The museums of Ronda are a delightful way to spend a few hours for both holiday makers and residents alike. Children will love the Lara Museum, while adults may prefer the museum of wine. Art aficionados will positively love the collection of Joaquin Peinado.
Ronda Municipal Museum.
Located in the historic Mondragon Palace (Palacio de Mondragon), the Municipal Museum of Ronda details Rondas history from the stone age to the present time with some very well made exhibits such as the Pileta Cave reconstruction, the stone age hut, iron age technology including sword making, the Roman period with an important exhibit on Acinipo, Moorish Ronda including a detailed exhibit of Arab funeral rites, and a very interesting display on life in Ronda’s heyday, the 17th and 18th centuries.
Real Maestranza Bullfighting and Cavalry Museum.
“Everything you wanted to know about bullfighting but were afraid to ask” is how this museum should be described. The Real Maestranza has a long history since 1572 of training cavalry officers for the Spanish Crown, and it was here that the Romero family created the modern Rondeño form of bullfighting, and here too that the Ordoñez family became celebrities.
The museum charts bullfighting from it’s early days to the present with exhibitions of photos and items used in bullfighting. The other half of the museum covers the training of cavalry, which is the actual purpose of the Real Maestranza, and includes exhibits of weaponry and armour used through the ages. Visit the Real Maestranza website.
Lara Museum, Calle Armiñan.
The Lara Museum is an unusual collection of antiques collected by Juan Lara Jurado, the founder of the museum. The collection has been put together into galleries that might not seem immediately related but actually takes the visitor on a journey through science history of the last few hundred years.
Displays on weaponry including pistols, knives, and catapults, sit side by side with displays on clocks, scientific instruments, cinema and photography and much more. Exhibits capture the imagination and despite some of the bloodlust such the displays on bullfighting or inquisition torture instruments, the Museum is actually quite child friendly. Visit the Lara Museum website.
Hunting Museum, Calle Armiñan.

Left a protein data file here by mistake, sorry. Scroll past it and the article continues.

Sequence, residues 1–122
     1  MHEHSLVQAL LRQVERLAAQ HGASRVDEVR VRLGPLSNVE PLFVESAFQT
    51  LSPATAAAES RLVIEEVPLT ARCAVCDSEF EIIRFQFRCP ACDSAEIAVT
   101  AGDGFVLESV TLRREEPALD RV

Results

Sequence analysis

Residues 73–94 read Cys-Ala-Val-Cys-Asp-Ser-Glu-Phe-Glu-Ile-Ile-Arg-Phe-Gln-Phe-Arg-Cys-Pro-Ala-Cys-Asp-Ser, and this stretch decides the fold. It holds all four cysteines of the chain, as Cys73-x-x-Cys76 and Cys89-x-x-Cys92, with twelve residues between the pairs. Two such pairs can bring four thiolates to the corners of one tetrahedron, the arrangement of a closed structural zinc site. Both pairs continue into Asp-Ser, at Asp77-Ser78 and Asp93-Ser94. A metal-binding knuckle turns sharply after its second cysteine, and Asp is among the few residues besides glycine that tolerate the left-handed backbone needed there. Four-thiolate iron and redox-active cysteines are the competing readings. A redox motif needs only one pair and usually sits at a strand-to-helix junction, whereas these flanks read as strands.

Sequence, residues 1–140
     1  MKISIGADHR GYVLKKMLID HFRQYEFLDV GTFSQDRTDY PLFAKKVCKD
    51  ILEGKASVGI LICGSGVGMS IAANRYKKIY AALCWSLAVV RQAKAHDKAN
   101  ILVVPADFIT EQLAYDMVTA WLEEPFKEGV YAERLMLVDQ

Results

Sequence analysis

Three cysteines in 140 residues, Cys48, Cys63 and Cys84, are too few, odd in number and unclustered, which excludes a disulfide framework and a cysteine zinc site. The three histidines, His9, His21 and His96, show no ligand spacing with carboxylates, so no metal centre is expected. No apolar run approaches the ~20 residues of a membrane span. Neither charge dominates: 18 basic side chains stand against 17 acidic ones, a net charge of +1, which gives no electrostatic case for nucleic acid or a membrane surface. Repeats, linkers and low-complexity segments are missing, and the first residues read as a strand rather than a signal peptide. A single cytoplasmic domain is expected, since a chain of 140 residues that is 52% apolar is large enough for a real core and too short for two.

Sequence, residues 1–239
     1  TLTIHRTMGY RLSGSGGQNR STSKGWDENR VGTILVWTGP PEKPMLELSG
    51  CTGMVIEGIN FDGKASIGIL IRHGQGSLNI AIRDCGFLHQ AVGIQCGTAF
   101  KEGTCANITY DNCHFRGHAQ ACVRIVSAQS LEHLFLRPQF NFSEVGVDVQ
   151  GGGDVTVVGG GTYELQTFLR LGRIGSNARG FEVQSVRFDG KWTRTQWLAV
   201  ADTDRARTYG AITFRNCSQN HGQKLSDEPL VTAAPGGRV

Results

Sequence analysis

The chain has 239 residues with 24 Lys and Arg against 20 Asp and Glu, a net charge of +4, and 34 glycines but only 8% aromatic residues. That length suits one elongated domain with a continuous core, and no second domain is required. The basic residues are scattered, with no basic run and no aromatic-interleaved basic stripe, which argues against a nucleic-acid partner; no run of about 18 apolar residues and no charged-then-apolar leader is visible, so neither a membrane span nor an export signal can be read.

This is an unusual museum, and tends only to attract diehard hunting fans with it’s displays of guns, pictures of hunters and their catch, and of course taxidermy of animals hunted in the countryside surrounding Ronda and further afield by Spanish hunters. The Museum also helps organise hunting expeditions in the Serrania; a shop with hunting supplies is also on site. (no website)
The Bandit Museum.
The only museum dedicated to bandits and highwaymen in Spain, this is a real experience of Ronda history not to be missed. Back in the 1800s bandits roamed the hills and valleys of the Serrania, and became so powerful in Andalucia the government in Madrid in 1844 ordered the creation of the Guardia Civil to put an end to their thieving ways. As late as the 1930s isolated pockets of bandits were still robbing wealthy travellers on their way to Ronda.
The 1950s saw a small resurgence of banditry as communists and socialists opposed to General Franco’s regime waged a guerilla war from many of the same caves previously used by the bandits. The museum itself traces the stories of these folk legends from anecdotes and official court testimony, and is an important place of research for academics and writers interested in the psychology of the bandit. Visit the Bandit Museum website.
Interpretation Centre for the New Bridge (Puente Nuevo)
Have you ever wanted to be inside the New Bridge, looking out the window at the valley below, imagining what it must have been like to be a prisoner shackled beneath the traffic, so near to the life you knew, but so far from it as well. Views of the Parador Hotel and the hanging houses seem so much better when looking from down on the landing below.
Museum of Wine
Archeological evidence suggests Ronda was a favoured wine growing district from Roman times, and probably a lot earlier, and whilst the number of commercial vineyards around Ronda is small, the industry is expected to grow. The wine museum in Ronda traces the history of wine making from neolithic times, through Roman, Visigothic, and Arab time to the present. Visit the Museum of Wine website. If you would like to visit a wine company we have the information you need here.
Museum of Joaquin Peinado
Born in Ronda, Joaquin Peinado is one of the most influential painters of the early 20th century, and one of the leading lights of Spanish contemporary art. Sadly Peinado passed away in 1975, long before the museum in his honour was created. Located in the Moctezuma Palace in La Cuidad, the building is a fitting home for one of Ronda’s greatest sons. Visit the Museum of Joaquin Peinado website
Rilke Museum, Hotel Reina Victoria
Rainer Maria Rilke, described as one of the German world’s greatest poets, spent three months in Ronda at the end of 1912 and beginning of 1913, staying at the Hotel Reina Victoria. It was while here that he wrote part of his 6th Elegy and the “Spanische Trilogie”.
Room 207 at the Hotel Reina Victoria has been converted into a small museum honouring Rilke’s connection with Ronda.
So the museums of Ronda are an excellent way to discover the history and heritage of this “City of Dreams” :)